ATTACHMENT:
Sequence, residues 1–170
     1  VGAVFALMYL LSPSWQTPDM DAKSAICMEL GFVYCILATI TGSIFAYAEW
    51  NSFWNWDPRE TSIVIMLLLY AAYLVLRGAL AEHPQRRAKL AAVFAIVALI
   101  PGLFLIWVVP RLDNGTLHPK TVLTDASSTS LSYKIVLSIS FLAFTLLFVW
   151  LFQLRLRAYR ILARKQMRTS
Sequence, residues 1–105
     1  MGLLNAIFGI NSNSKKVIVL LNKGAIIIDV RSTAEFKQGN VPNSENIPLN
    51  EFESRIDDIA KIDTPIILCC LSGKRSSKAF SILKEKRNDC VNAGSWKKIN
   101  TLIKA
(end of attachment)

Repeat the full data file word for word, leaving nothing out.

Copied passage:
Sequence, residues 1–170
     1  VGAVFALMYL LSPSWQTPDM DAKSAICMEL GFVYCILATI TGSIFAYAEW
    51  NSFWNWDPRE TSIVIMLLLY AAYLVLRGAL AEHPQRRAKL AAVFAIVALI
   101  PGLFLIWVVP RLDNGTLHPK TVLTDASSTS LSYKIVLSIS FLAFTLLFVW
   151  LFQLRLRAYR ILARKQMRTS
Sequence, residues 1–105
     1  MGLLNAIFGI NSNSKKVIVL LNKGAIIIDV RSTAEFKQGN VPNSENIPLN
    51  EFESRIDDIA KIDTPIILCC LSGKRSSKAF SILKEKRNDC VNAGSWKKIN
   101  TLIKA